Monday, March 18: A long term outcomes study of growth hormone therapy during childhood for short stature was done by "meta-analysis" of previously published results in a number of published controlled and uncontrolled studies. The study found that growth hormone treatment adds about 2 inches to adult height for children who have constitutional short stature not related to disease - so-called idiopathic short stature. but the cost is significant. Growth hormone treated children gained about an extra inch a year during treatment, and each of those inches cost about $35,000. Archives of Pediatric and Adolescent Medicine 2002;156:230-240.
Tuesday, March 19: Finnish researchers find that soy formula is a good alternative to cow's milk for milk-allergic infants. Contrary to past medical opinion, they say that soy allergy rarely develops. Soy formulas are cheaper and much more palatable than extensively hydrolyzed formulas such as Alimentum® or Nutramigen®. This prospective controlled trial was the first to examine the issue of cross-sensitization formally. While the rate of reaction to soy formula was slightly higher than to hypoallergenic hydrolyzed formulas, soy was still a good first choice alternative for infants beyond 6 months of age. Journal of Pediatrics 2002;140:219-224.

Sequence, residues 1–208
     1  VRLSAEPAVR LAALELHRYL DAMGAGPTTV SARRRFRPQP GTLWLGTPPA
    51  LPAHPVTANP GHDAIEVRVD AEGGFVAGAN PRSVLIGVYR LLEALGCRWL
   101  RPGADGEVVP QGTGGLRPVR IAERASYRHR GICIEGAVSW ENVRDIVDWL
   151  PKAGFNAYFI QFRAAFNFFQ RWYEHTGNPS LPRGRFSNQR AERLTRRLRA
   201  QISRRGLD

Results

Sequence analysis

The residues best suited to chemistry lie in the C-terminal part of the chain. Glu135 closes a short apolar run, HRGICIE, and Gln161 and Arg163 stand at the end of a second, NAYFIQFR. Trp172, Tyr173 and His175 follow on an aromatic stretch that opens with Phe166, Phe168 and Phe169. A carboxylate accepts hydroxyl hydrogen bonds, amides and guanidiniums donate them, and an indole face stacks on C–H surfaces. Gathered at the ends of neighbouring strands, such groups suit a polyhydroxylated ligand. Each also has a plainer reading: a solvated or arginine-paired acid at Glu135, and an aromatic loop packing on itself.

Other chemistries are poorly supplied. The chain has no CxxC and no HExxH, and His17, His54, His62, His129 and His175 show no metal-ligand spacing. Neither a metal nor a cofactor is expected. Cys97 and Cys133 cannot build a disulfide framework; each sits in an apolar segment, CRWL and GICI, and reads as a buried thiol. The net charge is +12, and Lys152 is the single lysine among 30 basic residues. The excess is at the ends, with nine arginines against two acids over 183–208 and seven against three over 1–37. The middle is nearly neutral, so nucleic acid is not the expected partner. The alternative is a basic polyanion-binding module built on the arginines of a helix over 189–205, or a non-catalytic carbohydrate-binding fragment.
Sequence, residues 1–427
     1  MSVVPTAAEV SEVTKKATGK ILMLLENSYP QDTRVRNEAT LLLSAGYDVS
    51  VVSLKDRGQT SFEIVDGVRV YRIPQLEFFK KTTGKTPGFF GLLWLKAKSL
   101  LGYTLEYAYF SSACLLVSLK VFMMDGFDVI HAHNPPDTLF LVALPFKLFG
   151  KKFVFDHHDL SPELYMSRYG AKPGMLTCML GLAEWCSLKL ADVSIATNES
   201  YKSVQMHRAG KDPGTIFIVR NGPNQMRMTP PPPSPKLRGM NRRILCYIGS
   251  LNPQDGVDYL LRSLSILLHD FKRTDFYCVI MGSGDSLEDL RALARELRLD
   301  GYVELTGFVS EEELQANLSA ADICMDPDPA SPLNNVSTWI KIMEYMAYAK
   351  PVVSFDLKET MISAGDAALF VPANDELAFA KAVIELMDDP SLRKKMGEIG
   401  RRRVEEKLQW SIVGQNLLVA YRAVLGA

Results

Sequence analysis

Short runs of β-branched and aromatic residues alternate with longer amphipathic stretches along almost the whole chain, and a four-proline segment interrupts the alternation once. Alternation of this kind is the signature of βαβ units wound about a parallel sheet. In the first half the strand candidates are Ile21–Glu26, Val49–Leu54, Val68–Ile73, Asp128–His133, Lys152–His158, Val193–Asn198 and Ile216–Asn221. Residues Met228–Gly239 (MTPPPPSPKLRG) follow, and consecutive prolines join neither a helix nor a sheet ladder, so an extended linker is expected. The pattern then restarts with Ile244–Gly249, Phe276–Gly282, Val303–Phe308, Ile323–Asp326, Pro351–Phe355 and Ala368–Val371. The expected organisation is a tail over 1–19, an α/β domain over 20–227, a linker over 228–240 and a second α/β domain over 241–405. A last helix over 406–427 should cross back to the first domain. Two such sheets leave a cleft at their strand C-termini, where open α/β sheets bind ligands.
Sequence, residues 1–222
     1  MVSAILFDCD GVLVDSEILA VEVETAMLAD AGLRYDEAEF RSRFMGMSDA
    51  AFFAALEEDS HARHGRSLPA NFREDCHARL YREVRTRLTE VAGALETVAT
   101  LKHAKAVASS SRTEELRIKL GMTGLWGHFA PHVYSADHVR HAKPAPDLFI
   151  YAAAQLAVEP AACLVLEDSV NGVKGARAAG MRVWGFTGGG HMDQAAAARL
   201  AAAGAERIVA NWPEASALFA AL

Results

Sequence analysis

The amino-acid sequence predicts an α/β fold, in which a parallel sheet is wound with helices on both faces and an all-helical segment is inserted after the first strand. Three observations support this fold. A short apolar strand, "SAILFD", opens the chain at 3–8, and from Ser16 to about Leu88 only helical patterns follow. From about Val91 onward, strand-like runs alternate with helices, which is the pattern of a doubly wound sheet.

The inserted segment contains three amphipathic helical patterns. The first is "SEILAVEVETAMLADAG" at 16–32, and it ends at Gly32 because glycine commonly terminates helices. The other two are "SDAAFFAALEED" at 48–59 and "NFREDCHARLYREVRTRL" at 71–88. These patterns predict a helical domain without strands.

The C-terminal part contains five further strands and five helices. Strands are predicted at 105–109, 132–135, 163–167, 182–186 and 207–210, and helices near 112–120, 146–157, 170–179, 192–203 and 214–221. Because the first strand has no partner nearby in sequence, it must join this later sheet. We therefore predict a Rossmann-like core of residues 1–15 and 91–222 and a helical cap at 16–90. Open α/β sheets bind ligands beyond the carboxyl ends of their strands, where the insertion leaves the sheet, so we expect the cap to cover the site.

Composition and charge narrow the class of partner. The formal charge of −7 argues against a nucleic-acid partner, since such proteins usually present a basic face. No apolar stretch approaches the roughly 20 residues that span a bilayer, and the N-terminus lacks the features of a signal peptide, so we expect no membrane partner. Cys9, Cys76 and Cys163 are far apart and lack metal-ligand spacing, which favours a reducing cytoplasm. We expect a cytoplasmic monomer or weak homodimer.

Wednesday, March 20: Day care attendance seems to protect against the development of allergies for children whose parents have allergies. Levels of IgE, the antibody involved in allergic disease, were on average significantly lower for children who attended day care in the study group of children of allergic parents. This apparent protective effect was seen by age two years. Archives of Pediatric and Adolescent Medicine 2002;156:241-245.